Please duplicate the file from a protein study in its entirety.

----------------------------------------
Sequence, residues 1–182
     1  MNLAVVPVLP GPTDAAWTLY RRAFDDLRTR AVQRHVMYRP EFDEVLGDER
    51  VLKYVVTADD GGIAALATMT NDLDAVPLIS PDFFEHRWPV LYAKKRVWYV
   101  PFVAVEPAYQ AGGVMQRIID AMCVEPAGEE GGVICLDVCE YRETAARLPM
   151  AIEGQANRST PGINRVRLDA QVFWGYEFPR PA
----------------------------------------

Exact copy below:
Sequence, residues 1–182
     1  MNLAVVPVLP GPTDAAWTLY RRAFDDLRTR AVQRHVMYRP EFDEVLGDER
    51  VLKYVVTADD GGIAALATMT NDLDAVPLIS PDFFEHRWPV LYAKKRVWYV
   101  PFVAVEPAYQ AGGVMQRIID AMCVEPAGEE GGVICLDVCE YRETAARLPM
   151  AIEGQANRST PGINRVRLDA QVFWGYEFPR PA